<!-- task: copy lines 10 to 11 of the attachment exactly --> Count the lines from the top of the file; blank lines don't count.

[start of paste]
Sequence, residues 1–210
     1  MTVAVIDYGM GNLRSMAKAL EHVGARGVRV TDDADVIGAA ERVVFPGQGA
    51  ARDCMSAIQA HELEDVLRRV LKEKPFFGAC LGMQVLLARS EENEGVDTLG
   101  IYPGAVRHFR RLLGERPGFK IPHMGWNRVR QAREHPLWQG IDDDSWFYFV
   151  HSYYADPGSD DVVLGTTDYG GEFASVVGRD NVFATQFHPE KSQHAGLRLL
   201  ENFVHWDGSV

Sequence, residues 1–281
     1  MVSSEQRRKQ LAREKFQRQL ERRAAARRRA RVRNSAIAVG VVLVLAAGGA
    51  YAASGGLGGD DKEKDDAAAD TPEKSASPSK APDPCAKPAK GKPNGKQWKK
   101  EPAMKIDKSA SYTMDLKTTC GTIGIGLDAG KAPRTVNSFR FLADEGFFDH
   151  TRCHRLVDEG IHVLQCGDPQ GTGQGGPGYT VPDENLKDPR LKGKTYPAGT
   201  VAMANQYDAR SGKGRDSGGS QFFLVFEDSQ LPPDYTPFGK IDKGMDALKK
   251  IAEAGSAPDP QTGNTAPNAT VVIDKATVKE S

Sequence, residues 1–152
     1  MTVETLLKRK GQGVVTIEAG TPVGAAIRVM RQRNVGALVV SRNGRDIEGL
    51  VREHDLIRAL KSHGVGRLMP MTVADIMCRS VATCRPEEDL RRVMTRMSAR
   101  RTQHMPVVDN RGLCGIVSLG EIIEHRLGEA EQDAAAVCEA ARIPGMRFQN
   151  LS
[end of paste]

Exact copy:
   101  EPAMKIDKSA SYTMDLKTTC GTIGIGLDAG KAPRTVNSFR FLADEGFFDH
   151  TRCHRLVDEG IHVLQCGDPQ GTGQGGPGYT VPDENLKDPR LKGKTYPAGT